Aged just 23, comedian Nikki Black was so young when she was diagnosed with breast cancer that the nurse who told her admitted it was hard for her to break the news.
Now 25-years-old and having undergone a double-mastectomy, Ms Black has covered her surgery scars with ornate tattoos to regain control over her body, and has shared the photos in the hope she will give women undergoing similar journeys a positive outlook.
A combination of her age and a lack of family history of the disease meant that neither Ms Black nor her doctor thought the lump in her breast would be cancer.
"When the woman called and told me I had breast cancer, it was like the wind was taken out of me," Ms Black told The Independent.
"I remember her telling me it was hard for her to tell me I had cancer because I was so young, and thinking, 'Yeah, tell me about it.'"
After the initial shock, Ms Black was faced with the decision of taking chemotherapy, often an exhausting process and intense for patients.
As her tumour was very abnormal and becoming invasive at around nine different points despite her mastectomy, she decided it was the right choice.
Describing the sides-effects of treatment as hell - “my bones would feel like they were made out of fiberglass, just shattering over and over again every time I tried to move a joint” - she found strength in stand-up comedy, art and experimental makeup.
"Humor has absolutely helped me during my experience. I did my first stand up bit about having breast cancer a week after diagnosis, and it was so freeing to be able to laugh at the situation sometimes," she said.
But she soon felt that she had lost control of her body in "so many ways" and said the nature of breast cancer means it is a wrongly sexualised disease.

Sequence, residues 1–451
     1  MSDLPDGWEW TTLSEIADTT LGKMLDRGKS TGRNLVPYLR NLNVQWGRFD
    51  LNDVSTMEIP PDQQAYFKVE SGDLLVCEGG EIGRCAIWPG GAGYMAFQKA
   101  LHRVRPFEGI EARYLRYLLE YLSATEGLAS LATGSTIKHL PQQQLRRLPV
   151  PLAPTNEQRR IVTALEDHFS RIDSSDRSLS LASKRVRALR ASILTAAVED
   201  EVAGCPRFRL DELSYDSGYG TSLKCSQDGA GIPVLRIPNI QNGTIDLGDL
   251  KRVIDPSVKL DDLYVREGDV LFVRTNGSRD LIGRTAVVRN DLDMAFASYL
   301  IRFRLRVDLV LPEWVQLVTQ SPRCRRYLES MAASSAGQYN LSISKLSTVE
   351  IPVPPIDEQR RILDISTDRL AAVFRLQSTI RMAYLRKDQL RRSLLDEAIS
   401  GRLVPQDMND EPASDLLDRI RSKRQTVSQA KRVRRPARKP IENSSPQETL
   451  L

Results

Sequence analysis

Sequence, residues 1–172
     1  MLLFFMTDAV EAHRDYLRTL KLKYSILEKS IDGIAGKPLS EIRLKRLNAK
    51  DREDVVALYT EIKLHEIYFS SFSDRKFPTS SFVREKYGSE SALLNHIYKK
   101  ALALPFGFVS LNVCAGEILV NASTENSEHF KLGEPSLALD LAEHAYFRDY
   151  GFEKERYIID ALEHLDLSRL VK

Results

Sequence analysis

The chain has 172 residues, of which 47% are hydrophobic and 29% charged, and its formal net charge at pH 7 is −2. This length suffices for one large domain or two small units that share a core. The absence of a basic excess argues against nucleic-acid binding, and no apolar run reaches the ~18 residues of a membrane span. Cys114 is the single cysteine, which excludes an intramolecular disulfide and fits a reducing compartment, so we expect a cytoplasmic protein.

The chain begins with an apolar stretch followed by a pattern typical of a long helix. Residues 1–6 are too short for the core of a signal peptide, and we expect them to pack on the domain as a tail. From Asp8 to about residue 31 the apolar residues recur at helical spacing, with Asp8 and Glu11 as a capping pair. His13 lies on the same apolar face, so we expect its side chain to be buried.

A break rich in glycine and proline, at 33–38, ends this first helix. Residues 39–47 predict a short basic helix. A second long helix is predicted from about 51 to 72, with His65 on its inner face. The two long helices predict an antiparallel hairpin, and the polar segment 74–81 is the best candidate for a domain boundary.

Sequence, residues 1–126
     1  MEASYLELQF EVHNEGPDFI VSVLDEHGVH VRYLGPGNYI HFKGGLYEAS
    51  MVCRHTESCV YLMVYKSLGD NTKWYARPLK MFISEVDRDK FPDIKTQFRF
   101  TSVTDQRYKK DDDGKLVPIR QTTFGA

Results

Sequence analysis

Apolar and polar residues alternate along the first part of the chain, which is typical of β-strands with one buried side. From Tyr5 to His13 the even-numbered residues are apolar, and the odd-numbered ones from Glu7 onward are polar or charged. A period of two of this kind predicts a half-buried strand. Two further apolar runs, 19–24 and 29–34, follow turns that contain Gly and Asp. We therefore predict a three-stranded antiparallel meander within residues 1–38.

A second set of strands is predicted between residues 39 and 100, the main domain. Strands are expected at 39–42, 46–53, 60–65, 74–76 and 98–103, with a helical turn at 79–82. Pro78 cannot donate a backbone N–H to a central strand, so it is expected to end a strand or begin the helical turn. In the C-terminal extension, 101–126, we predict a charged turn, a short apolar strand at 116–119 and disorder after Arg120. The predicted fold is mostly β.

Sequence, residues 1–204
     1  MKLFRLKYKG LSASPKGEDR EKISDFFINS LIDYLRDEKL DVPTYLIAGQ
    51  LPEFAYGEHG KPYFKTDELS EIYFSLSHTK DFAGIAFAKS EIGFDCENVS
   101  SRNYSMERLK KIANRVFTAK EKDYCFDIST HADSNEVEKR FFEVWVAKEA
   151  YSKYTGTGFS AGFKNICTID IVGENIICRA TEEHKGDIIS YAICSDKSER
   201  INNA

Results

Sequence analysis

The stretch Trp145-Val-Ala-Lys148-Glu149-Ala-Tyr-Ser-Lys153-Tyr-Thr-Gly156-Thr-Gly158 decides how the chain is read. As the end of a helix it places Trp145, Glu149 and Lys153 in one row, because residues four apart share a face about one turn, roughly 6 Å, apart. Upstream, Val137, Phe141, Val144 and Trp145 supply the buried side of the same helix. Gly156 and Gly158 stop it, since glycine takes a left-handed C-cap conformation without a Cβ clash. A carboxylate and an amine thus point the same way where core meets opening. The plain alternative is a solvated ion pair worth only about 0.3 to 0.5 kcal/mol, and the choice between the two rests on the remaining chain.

"I literally lost my breasts, lost feeling in parts of my chest, didn't even get to keep my nipples, had to deal with a different type of pain every day and on top of that, it's an extremely sexualised disease.
"I had guys asking me what size I was planning on getting, telling me that they would miss the boobs I had. I had somebody tell me I could probably do fetish porn after I recovered.
"The slogans for breast cancer awareness month are even 'Save Second Base' and 'Save the Tatas'. What about the woman? Why can't we just save women?"
Desperate to reclaim her body and accept her post-cancer self, Ms Black decided to get her first tattoos across the surgery scars on her breasts. When she saw the pattern that Holly Fehnet, her tattooist, sent her, she almost cried at her desk.
"Getting the tattoos for me was a way of taking back control of my body. I didn't want my pre-cancer body back, but I wanted the body I have to be mine. So many people had put their mark on it."
Describing the intricate design she settled on, Ms Black said: "I'm a Pisces, so the fish are representative of that.
"I spent so much time sitting in the ocean leading up to my mastectomy, reading [Japanese author Haruki] Murakami and staring at the horizon, losing myself in something other than the disease, so the fish also remind me of that feeling of surreal timelessness.
"They remind me I have people who love me and I'm in control of my body and my experiences. They remind me I can heal myself."
Now in remission, Ms Black will require treatment and monitoring for the next five years.
For those dealing with cancer, she simply has the following advice: "Take time for yourself. You're not going to heal right away, so just let yourself feel. Know that you are beautiful and whole."
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